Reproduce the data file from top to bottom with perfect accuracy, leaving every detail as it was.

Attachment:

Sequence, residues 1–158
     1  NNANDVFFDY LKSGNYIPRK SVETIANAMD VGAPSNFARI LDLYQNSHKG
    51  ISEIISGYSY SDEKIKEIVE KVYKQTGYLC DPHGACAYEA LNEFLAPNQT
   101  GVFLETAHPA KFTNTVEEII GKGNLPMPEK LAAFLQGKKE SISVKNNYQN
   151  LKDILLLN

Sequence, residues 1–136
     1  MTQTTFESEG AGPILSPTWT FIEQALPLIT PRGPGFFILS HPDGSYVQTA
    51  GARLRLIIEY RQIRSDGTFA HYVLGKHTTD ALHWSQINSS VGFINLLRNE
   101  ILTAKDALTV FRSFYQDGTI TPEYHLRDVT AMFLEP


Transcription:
Sequence, residues 1–158
     1  NNANDVFFDY LKSGNYIPRK SVETIANAMD VGAPSNFARI LDLYQNSHKG
    51  ISEIISGYSY SDEKIKEIVE KVYKQTGYLC DPHGACAYEA LNEFLAPNQT
   101  GVFLETAHPA KFTNTVEEII GKGNLPMPEK LAAFLQGKKE SISVKNNYQN
   151  LKDILLLN

Sequence, residues 1–136
     1  MTQTTFESEG AGPILSPTWT FIEQALPLIT PRGPGFFILS HPDGSYVQTA
    51  GARLRLIIEY RQIRSDGTFA HYVLGKHTTD ALHWSQINSS VGFINLLRNE
   101  ILTAKDALTV FRSFYQDGTI TPEYHLRDVT AMFLEP